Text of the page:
People stare at you a lot if you’re a woman in Colombia. More so if you’re also a foreigner.
I’ve been traveling in South America for the last sixteen months – four of those months in Colombia – and it’s impossible not to notice the extra attention.
On occasion, there’s a level of flattery to it, but most of the time it’s simply whistles, catcalls and the bizarre feeling of a stranger’s eyes running up and down your body.
When an old man passes by me in the street, I’ll often hear a breathy voice whisper, “que rico…” and I don’t know if I’ll ever be happy with someone’s grandfather saying that I’m “delicious.”
Simply put, there’s a level of objectification in Colombia that doesn’t exist in a lot of other countries.
Colombian Women v. Foreign Women
I often think about whether there’d be less staring if I was actually Colombian. Judging on how the local women behave, at least, I’d presumably notice it less.
A lot of the time though, the foreigner-specific objectification really confuses me: why don’t I pass for Colombian?
I have dark hair and dark features, my Spanish is convincing enough – so what makes me so obviously foreign?
When I look to Colombian women, of course, I start to understand why. However much I think I should be able to fit in, there are a multitude of factors that I don’t tick the boxes for.
First, there’s a particular way Colombian women dress. There’s innate focus on clothing, highlighted hair, make-up and wearing impossibly high heels that makes women here more stereotypically attractive – particularly the Paisa women of Medellín.
Although, I’m never going to understand the penchant for getting butt implants.
Clothing itself is also a confusing one. As a foreign woman, dressing for the Colombian weather anywhere from Medellín to the northern coast requires restraint; even though the sun is shining and the air is humid, most Colombian women are in jeans.
The few wearing shorts receive the standard staring and catcalling, so the rules are clear: if you want less attention, cover up. Just deal with the fact that you’re dripping with sweat underneath all that denim.
Second, it’s the way Colombian women dance. A foreigner is never going to get their salsa moves as perfect as a Colombian, however much effort they put in.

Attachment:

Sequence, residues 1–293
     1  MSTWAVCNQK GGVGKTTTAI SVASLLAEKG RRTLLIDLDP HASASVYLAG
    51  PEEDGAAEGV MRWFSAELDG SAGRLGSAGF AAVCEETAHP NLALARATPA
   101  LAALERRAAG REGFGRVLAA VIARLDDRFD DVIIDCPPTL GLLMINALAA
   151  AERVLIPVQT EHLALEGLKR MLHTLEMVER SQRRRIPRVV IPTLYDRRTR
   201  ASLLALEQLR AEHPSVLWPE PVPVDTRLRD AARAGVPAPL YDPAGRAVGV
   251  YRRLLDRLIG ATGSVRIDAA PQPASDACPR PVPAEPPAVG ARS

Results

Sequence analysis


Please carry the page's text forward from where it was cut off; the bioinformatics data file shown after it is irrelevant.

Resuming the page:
Plus being a self-proclaimed bad dancer – and typically English, to boot – I find it very tricky to meet a Colombian man’s gaze when we salsa together. The look in his eyes is way too intense!
What I find very interesting though is that the respect levels in salsa are completely different to those on the street.
The same men who might whistle and ogle from afar are nothing but gentlemen on the dance floor; guiding their partners through the whirlwind of complex moves with nothing more than a strong hand on the small of the back.
It’s almost as if salsa is a secret code for “we’re going to behave ourselves now…”
The third difference between me and Colombian women is probably the most important, and it’s attitude.
As a woman traveling solo in South America, I have to be hyper aware of what kind of situations I put myself in.
It might be deciding not to walk through strange cities by myself at night, or avoiding the alleyway filled with dodgy looking guys, or even refusing to get in a taxi when something about the driver just doesn’t feel right.
But some occasions simply can’t be helped. Right outside my hostel in Santa Marta – a coastal city so humid that not wearing short shorts is akin to madness – were two lines of men, presumably waiting for foreigners because they had nothing else to do, who started whistling, staring and whispering as soon as I stepped out of the door.
It was like walking through a very uncomfortable gauntlet, but I forced myself to walk slowly enough that I wouldn’t give away how horrible it felt. Not to give them the satisfaction.
I wondered, after that incident, how often this type of thing happens to Colombian women; how they feel and how they cope.
I haven’t often seen a woman in Colombia reacting to overly flirtatious men the way I’d want to. It leads me to think that Colombian women have a different attitude to this kind of behavior than I do, and I wish I could learn what it was.
The level of appearances set by Colombian women can be something of a threat for a foreigner, especially someone who’s been living out of a backpack for the last year and has completely forgotten what it feels like to put on make-up.
But it’s not just to do with the outward appearance of the women in Colombia; there’s a level of inner confidence too, a complete disregard for those catcallers and muttering grandpas.
It’s a way of carrying oneself that I’d love to emulate further.